Monday, June 5, 2017


This Week In Not Surfing

1. Head High Hammonds Reef, early to mid nineties, the old, heavy red 9'6" single fin. Springtime. A good crowd was out, and I can't remember whether the tide was pushing or pulling. For some reason I was riding without a leash and lost the board to the shore. After retrieving it, paddling out felt funny and I flipped the board over to find the fin box had cracked, fin gone. It was such a beautiful early evening and I was surfing well, maybe the best I'd yet surfed. I had North Shore fresh in my mind and I figured I'd give it the old Chandler go, sans fin. After spinning and kooking for a couple waves, a local heavy paddled up and inquired after my fitness to surf the break. I flipped the board over, his eyes got a little wide and with a laugh he said "take the next one," a fresh set popping up. In that one ride it all came together. The foot drag, the hand dig, the subtle shimmy slippage, a long ride and finally the 360 ending in a whooping face plant. The heavy would provide cover for me the rest of the evening.

2. Slightly Overhead Mira Mar, early to mid nineties, probably the old Cactus Mexican popout three finned hybrid 8'11". Yes, slightly overhead at Mira Mar. The break getting crowded and Hammonds looking like it was really working, Ian and I start to paddle up past the mansions when a clean up set appears out of nowhere with the two of us somehow in the perfect spot. We both drop in and weave back and forth, hopscotching across the face, passing all the gassers, all the way to the beach.

3. Knee High Refugio, 1997, a borrowed 60's single fin plank. Mid romance, a month before getting married. I'd been watching this older guy struggling with the board for a while and when he finally paddled in, I asked him if I could give it a go. After about 45 minutes of truly magical fun I returned the board and the guy asks, "are you a pro?" This moment was perhaps the height of my surfing hubris, at knee high. A few months on and I'd be sitting in the somewhat scarier swell at Ocean Beach in San Francisco, pissing in my suit, wondering where I could find that guy.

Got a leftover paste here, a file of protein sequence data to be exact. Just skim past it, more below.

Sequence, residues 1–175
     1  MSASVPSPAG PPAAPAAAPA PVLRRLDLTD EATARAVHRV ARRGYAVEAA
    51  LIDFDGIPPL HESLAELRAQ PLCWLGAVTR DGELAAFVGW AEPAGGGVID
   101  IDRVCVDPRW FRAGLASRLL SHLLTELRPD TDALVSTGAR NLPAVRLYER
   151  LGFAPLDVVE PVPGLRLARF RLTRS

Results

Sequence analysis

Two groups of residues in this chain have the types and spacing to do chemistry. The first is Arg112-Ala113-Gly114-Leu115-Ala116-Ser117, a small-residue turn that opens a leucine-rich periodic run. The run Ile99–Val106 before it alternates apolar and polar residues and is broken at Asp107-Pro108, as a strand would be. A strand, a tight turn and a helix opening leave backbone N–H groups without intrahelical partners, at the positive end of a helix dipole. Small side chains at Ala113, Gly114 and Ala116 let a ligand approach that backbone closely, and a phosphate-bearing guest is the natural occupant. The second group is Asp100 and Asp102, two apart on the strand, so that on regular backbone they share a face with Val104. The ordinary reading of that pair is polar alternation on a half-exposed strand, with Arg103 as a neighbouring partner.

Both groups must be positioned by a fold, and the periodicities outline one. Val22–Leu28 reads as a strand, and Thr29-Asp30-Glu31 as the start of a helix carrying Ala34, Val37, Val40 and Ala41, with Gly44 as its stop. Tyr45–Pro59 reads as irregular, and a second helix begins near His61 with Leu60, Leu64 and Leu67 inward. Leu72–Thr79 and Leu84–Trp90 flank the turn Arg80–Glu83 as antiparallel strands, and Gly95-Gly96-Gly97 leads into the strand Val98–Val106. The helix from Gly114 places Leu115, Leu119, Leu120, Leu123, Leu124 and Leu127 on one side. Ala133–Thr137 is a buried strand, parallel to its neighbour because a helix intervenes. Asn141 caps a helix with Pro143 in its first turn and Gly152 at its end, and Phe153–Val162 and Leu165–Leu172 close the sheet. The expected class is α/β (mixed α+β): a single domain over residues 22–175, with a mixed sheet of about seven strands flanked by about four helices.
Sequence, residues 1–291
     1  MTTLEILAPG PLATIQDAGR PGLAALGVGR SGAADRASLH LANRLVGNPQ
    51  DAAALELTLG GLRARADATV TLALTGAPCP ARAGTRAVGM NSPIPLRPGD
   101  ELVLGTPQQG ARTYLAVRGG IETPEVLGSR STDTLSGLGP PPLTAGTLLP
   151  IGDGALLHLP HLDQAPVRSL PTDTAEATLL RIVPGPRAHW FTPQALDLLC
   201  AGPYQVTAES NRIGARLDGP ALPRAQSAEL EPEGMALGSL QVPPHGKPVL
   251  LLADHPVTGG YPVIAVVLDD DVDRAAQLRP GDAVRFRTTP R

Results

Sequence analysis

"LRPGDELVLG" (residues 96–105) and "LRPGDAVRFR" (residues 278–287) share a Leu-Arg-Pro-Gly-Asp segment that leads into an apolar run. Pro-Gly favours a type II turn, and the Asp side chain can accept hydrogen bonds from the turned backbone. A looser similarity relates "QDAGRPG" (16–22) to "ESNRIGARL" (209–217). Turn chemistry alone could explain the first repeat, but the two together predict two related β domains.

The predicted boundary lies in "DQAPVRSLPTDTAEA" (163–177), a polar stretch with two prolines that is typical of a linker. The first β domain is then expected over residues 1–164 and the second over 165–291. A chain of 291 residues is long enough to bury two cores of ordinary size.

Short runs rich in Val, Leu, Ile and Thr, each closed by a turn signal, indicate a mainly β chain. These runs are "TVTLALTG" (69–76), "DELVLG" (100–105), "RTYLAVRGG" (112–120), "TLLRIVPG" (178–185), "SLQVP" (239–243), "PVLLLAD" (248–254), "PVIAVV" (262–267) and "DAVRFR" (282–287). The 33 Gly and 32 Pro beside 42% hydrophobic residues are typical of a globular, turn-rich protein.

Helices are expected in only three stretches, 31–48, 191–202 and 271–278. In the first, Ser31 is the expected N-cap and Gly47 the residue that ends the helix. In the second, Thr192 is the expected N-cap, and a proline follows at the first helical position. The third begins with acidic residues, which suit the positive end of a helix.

4. North County San Diego, a handful of years ago, Whitney's hybrid Leucadia 9'0". Surfing between San Onofre, Grannie & Papa's in Carlsbad and Swami's for about a week over the winter holidays I magically find my groove again. Deeper-than-they-should-be cutbacks, easy foot fiddling and lots of nose time on a board certainly not made for it. I haven't felt as proficient since.

5. In between there were lots of silly moments. A few trips where I underperformed to the point of questioning my memory. There were some fun days in Montauk. At Gilgo. At Smith Point. A few good waves in Saladita, a handful of great sessions at C Street. One or two waves in Puerto Rico. A good day in Rockaway. Lotsa mornings at Old Mans. Some fun days between Washington and Laurelton.

6. A couple years ago, on a shoot for Nike in Long Beach south of L.A. I show up at Ian's house in Torrance for an early surf off the Esplanade. Knee high, at best. Wavestorms. The water is unseasonably warm, incredibly clear. My ankle is killing me. Ian's knee is killing him. The waves are small, short and foolishly fun.

7. There was that one time I opened solo for a band at that big music hall on Bowery and played Radiohead's Creep on the ukulele. It seemed like a packed house. As far as I know this was the first time anyone had played Creep on the ukulele. I'd never heard it done anyhow. This was before the hipster ukulele craze. I also played the Happy Birthday song. That brought the house down.